This has been an interesting and exciting journey for Uganda. Like the mining sector, the oil and gas sector has hugely benefited from the peace the country has enjoyed. Docile after the earlier unconclusive and fruitless exploration trials in the 1880s and 1920s, and before the resumption in the late 1980s, the oil and gas sector would have to wait for close to twenty years to boom with nascent discoveries in 2006 in Bunyoro sub region. The discoveries in the country have since risen to an estimated 6.5 billion barrels of oil, 1.4 billion of which are recoverable.
The investors and the investment in the oil and gas sector have been made possible because the country is relative peaceful and secure. The closest the Albertine region where oil and gas was discovered came to a war was in the last days of Lord’s Resistance Army led by Joseph Kony. The rebels operating in South Western Uganda were given no chance by UPDF. They never had a chance to operate up north of the rift valley. With this stability, oil majors Total E&P, Tullow Oil PLC, CNOOC and other global service providers in the oil business like Schlumberger gained the confidence to trickle down to Uganda with billions of dollars. To date, international oil companies have invested close to $10bn and another $20bn is expected to be injected into Ugandan economy; directly creating over 300, 000 jobs. In a period of 25 years, the country might harvest over $50bn in revenues.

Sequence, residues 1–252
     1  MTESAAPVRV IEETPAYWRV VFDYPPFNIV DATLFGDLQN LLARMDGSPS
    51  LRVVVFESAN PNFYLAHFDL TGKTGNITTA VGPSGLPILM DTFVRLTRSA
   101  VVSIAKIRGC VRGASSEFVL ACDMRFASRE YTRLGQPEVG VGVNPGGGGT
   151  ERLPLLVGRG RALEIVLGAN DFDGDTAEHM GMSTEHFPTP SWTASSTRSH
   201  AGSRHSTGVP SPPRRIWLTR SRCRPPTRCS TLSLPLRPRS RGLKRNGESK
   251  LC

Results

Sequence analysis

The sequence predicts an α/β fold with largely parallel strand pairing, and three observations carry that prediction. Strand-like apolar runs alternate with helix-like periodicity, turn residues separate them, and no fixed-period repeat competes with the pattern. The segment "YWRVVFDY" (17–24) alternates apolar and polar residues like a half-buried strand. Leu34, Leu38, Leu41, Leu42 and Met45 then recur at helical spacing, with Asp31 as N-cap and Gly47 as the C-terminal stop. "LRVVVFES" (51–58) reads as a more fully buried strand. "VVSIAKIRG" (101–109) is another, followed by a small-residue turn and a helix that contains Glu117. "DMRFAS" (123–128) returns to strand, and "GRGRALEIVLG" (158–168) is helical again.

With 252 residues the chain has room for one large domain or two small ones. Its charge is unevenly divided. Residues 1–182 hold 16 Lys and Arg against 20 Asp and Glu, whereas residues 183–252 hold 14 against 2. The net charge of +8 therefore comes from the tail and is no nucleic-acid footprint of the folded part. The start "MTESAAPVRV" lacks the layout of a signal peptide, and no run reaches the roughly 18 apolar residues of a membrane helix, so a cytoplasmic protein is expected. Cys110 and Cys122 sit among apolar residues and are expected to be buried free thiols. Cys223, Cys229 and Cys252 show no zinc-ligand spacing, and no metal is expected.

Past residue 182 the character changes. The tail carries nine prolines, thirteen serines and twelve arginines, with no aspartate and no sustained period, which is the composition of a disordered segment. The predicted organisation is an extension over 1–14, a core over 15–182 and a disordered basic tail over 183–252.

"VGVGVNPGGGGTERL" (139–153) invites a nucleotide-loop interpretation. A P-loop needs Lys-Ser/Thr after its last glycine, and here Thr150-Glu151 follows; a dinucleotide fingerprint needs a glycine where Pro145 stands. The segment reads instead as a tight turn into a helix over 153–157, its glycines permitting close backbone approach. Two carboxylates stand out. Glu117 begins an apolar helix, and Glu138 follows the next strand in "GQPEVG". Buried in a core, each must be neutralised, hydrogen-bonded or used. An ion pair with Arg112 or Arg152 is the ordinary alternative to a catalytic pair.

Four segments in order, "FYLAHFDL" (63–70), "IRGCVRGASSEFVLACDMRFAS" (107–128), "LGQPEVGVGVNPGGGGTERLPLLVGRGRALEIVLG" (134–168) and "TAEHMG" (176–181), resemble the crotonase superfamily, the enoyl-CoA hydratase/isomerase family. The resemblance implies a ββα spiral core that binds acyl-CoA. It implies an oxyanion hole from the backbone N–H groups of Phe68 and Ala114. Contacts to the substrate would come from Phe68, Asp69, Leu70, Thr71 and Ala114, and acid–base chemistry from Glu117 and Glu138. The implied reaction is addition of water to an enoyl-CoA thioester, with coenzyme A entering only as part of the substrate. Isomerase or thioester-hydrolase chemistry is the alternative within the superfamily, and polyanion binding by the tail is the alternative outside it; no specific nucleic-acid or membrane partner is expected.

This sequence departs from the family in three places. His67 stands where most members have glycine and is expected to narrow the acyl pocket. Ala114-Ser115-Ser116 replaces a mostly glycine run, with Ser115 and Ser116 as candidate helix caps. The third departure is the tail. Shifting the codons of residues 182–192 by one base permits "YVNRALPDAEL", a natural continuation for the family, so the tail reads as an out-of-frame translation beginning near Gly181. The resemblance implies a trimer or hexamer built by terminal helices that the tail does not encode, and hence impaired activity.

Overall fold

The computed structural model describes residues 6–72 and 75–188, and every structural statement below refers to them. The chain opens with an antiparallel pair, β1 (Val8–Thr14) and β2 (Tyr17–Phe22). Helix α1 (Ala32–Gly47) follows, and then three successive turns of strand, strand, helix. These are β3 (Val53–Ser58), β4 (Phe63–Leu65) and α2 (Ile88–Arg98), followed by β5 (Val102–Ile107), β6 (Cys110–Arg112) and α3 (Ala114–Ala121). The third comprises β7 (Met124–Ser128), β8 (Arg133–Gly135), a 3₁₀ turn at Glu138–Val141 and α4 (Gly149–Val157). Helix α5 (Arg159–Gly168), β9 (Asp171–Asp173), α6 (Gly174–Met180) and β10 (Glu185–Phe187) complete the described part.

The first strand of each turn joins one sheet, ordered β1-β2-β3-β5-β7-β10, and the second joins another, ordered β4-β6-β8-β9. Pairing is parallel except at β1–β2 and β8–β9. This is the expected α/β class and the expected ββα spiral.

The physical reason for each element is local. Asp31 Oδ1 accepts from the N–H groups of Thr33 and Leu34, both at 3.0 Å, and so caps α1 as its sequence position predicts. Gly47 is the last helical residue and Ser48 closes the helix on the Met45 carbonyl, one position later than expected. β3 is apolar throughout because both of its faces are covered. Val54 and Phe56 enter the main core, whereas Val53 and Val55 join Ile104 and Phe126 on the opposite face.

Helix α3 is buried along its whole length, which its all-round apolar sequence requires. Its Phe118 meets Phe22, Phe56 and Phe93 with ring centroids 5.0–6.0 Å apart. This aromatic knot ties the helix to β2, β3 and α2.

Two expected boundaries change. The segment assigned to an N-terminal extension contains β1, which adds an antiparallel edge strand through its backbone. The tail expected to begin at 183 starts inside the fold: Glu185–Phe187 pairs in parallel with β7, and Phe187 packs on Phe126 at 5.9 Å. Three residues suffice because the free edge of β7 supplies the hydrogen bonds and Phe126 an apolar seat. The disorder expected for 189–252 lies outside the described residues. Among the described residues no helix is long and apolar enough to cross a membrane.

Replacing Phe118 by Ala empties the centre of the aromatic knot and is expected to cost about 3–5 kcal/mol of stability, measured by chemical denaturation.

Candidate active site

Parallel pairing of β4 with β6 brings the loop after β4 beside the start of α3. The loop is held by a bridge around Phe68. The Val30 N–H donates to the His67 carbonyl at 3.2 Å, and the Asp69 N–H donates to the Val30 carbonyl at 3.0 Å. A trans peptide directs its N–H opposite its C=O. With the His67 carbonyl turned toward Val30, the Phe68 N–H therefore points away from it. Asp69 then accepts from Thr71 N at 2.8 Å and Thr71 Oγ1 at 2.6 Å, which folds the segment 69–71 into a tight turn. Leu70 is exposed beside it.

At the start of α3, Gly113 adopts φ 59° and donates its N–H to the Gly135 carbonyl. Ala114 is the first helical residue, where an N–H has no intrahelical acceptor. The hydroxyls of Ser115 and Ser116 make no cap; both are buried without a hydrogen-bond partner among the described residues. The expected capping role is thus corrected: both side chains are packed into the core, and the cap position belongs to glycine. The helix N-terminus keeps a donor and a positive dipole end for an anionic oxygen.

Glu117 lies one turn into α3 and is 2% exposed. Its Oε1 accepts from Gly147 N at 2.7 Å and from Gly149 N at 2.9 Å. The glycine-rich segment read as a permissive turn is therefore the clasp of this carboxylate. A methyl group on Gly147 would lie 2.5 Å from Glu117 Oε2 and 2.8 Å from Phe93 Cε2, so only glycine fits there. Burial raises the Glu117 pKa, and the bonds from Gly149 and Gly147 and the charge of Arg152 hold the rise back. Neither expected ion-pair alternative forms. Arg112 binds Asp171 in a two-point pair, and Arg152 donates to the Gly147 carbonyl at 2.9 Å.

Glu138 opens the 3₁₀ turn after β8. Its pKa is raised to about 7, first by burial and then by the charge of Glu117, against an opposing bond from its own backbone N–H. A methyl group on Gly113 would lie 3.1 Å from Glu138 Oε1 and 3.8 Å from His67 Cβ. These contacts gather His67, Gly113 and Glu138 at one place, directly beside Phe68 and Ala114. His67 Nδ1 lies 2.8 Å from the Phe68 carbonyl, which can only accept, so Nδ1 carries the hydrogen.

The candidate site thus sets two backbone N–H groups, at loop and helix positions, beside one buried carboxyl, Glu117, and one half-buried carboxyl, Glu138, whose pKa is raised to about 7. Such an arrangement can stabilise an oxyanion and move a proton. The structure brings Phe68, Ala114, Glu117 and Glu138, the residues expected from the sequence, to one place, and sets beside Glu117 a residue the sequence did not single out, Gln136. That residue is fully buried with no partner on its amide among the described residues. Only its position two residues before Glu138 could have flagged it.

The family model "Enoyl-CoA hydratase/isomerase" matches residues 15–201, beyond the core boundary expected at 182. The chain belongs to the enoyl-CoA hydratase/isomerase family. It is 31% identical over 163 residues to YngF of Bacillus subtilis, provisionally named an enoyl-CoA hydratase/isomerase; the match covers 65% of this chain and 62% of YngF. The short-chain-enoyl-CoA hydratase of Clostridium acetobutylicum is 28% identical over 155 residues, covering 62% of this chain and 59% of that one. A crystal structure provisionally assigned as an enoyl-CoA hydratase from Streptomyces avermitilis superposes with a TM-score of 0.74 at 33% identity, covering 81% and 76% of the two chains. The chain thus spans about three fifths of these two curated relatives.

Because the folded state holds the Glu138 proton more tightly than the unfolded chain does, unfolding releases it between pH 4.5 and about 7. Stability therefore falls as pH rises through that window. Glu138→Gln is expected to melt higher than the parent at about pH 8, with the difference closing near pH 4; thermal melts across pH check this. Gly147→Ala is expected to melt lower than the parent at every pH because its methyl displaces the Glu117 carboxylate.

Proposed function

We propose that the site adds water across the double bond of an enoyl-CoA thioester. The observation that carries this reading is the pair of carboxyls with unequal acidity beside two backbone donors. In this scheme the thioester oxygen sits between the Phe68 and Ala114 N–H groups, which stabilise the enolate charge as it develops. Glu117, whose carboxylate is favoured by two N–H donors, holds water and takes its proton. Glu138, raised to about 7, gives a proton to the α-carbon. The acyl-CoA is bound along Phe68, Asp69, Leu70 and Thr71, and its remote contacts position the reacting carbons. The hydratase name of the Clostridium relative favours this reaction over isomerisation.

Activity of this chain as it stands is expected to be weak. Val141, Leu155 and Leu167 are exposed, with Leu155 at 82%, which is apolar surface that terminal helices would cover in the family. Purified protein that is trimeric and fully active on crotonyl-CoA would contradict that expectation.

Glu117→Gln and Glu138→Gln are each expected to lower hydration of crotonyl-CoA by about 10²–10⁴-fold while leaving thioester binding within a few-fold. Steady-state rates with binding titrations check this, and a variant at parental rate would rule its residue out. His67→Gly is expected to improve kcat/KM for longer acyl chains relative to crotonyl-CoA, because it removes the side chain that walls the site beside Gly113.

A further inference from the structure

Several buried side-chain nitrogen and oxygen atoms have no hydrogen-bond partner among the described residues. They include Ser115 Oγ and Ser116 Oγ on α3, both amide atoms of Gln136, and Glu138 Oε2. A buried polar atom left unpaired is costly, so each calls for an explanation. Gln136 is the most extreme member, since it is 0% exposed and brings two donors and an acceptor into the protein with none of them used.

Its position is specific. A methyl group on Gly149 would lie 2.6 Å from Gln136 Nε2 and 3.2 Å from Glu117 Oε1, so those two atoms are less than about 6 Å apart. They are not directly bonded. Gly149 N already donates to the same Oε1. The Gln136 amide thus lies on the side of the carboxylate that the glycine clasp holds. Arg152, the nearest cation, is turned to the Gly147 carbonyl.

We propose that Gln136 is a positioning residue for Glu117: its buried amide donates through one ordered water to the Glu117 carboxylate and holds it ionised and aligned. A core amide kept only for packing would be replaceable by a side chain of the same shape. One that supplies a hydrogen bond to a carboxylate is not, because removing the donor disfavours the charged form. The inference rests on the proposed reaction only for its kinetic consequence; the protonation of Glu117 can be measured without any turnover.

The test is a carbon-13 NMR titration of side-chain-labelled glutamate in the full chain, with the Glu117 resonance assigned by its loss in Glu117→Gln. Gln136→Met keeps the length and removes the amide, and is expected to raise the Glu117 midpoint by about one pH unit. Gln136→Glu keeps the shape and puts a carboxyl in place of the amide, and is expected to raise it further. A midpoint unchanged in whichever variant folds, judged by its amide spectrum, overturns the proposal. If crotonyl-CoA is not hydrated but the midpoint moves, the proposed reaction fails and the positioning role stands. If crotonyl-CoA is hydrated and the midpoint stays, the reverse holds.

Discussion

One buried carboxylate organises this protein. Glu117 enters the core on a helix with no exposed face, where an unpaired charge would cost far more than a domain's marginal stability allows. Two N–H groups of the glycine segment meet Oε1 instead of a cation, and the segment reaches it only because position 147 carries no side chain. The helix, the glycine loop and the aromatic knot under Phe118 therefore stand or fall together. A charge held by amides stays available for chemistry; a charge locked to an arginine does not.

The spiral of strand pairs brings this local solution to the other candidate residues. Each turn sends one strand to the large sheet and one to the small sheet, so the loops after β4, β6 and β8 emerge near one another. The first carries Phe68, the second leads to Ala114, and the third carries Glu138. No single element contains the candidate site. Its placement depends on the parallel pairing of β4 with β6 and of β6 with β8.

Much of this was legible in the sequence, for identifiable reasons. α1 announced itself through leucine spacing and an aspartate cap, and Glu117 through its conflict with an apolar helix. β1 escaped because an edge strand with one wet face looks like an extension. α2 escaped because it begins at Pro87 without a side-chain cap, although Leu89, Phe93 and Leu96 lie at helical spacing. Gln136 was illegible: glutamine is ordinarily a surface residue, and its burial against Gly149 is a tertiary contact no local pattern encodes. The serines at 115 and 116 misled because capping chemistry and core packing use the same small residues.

This is just for the 40% of explored Uganda. Uganda continues to invite oil and gas exploring companies to find more oil, this time, not only in the Albertine region but also the Kadam area in Karamoja and central Uganda in Mukono and Kayunga districts. Already Atlas Oranto of Nigeria and Armour Energy of Australia are in the Albertine graben region exploring for new finds. The Ministry of Energy and Mineral Development (MEMD) is expecting to announce the second licensing round to attract new petroleum exploration firms to cover new acreages hunting for more oil. Once these come along, Uganda will rank high on the log of oil and gas producers on the African continent. This is no mean feat.
Uganda might have delayed to realize its first barrel, but experts have continued to remain confident that the government is taking the right steps to avert issues like the much talked about oil curse. Ideally, Uganda must be producing oil but the desire to have a refinery and a crude export pipeline created a delay as the respective infrastructures have to be built. This process itself is creating jobs and attracting foreign direct investment. All these can disappear in the wind when security is weak. If oil companies persist to operate in a not peaceful environment, corruption and mismanagement of natural resource revenue breeds, which leads to underdevelopment and national poverty.
Dr Abel Tindao is a Ugandan businessman with interests in real estate, energy and education sectors.